So here it is, 100 large, active fires over to the U.S. The cold air all the way down into Oklahoma City and Albuquerque, but still pretty warm out west, John.
BERMAN: All right, Chad, watching that very carefully. What they're going through there is truly historic.
Vice President Pence insists he knows nothing -- he insisted he knew nothing about the controversial conspiracy theories behind QAnon. So why is he going to a fundraiser hosted by QAnon supporters? That's next.
(BEGIN VIDEO CLIP)
BERMAN: The president says they love America. So how do those beliefs embody a love of America?
MIKE PENCE, VICE PRESIDENT OF THE UNITED STATES: Well, you said the president seemed to embrace it. I -- I -- I -- I didn't hear that. I -- I don't --
BERMAN: He said they love America, Mr. Vice President.
PENCE: I don't know anything --
BERMAN: They love America.
PENCE: I heard the president talk about he appreciates people that support him, very generally, but --
BERMAN: Do you believe they love America? Do you believe they love America?
PENCE: I don't know anything about that conspiracy theory, John.
(END VIDEO CLIP)
BERMAN: Well, he's had weeks to learn, because that interview was three weeks ago. So, clearly, the vice president knows about QAnon now. And developing overnight, CNN has learned that Vice President Pence is
expected to attend a fundraiser in Montana next week hosted by this man, Michael Borland, and his wife, who have both expressed support for the QAnon conspiracy theories on social media. The FBI has labeled QAnon a potential domestic terror threat.
Abby Phillip back with us.
The vice president going to their house.
PHILLIP: Yes, John, it appears that the White House has no plans to scrap this, at least for now. They haven't responded to these questions about this fundraiser.
But this couple appears to have reiterated some of these QAnon conspiracy theories online. And, like many of these people who are believers of this idea, the idea is that there is some kind of deep state within the government that is protecting a cabal of leftist pedophiles. And as you noted, Vice President Mike Pence has said that the White House does not entertain conspiracy theories, but there appears to be no efforts to pull him out of this fundraiser or even to address this issue.
And, mind you, this is just one of several in the last several weeks. There is a Republican congressional candidate, Marjory Taylor Green, who was also a QAnon believer, who was invited to the president's speech on the White House lawn for the Republican National Convention. When this was brought to the White House's attention, there was no attempt to distance themselves. White House officials and campaign officials have appeared in public with her.
So it's just one of many examples of this conspiracy theory seeming to permeate into the ranks of the Republican Party and now the president's campaign, Alisyn.
CAMEROTA: I don't know, maybe they should talk to that North Carolina guy who's doing time because he fell for one of the QAnon conspiracy theories and showed up at the pizza parlor with a gun and who now says that he was completely misled. I don't know, I mean maybe they could just research some of that.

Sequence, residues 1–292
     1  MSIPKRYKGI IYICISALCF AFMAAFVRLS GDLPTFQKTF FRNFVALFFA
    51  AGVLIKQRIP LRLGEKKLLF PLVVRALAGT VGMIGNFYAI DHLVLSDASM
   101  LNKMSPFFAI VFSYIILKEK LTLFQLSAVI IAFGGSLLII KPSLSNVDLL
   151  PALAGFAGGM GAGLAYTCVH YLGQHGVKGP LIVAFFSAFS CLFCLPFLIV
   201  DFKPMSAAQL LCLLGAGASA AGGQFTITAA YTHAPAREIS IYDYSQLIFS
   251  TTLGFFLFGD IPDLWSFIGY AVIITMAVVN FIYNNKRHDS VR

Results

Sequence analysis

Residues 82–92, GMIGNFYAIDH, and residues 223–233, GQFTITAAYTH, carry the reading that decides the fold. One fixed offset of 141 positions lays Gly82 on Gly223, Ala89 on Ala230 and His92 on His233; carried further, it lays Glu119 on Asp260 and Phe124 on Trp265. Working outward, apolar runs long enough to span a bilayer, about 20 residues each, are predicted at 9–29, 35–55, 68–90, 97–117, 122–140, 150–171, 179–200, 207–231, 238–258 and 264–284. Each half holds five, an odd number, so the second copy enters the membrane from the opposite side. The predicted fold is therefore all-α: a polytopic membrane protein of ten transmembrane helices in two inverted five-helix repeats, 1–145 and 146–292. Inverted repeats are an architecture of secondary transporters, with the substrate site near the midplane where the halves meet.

Anyway, Abby, thanks.
Sorry to make you sit there while I opine.
The NFL season kicking off tonight in Kansas City with fans in the stands.
Andy Scholes has more in the "Bleacher Report."
How's this going to work, Andy?
ANDY SCHOLES, CNN SPORTS CORRESPONDENT: Well, we'll wait and see, Alisyn. But, you know, this is a day that we weren't sure we were going to get to with the uncertainty surrounding the pandemic, but the Chiefs and Texans set to kick off the NFL season tonight here in Kansas City and fans will be allowed inside Arrowhead Stadium. The Chiefs, one of two teams on opening weekend, along with the Jaguars that will have fans in the stands. They're going to allow about 17,000 into Arrowhead tonight. The normal capacity is about 76,000. Fans will be required to wear masks unless they are eating or drinking. They're going to have to sit in groups of four and six. So it's certainly going to look much different.
Now, this is the first NFL game since the Super Bowl and the league is planning many social justice initiatives this season. The Chiefs and Texans expected to do a show of unity together tonight. Before all the games, the NFL is planning on playing "Lift Every Voice and Sing," which is considered the black national anthem.
Now, players will also be wearing decals on their helmets to honor victims of systemic racism and police brutality. The message is "end racism" and "it takes all of us" will be on some of those helmets and also will be painted in the end zones around the league this week.
And, Alisyn, it's a gloomy day here in Kansas City, raining all day. It's expected to rain for most of the night as well. But it should be an exciting night for these Chiefs fans. They're going to unveil their first ever Super Bowl championship banner. And you know Arrowhead Stadium, usually one of the most loudest stadiums in the NFL. We'll wait and see how loud those 17,000 fans will be tonight.
CAMEROTA: OK, Andy, thank you very much for the preview.
All right, there are new audio clips of President Trump admitting the intentionally downplaying the coronavirus pandemic. We have all of the sound to play for you.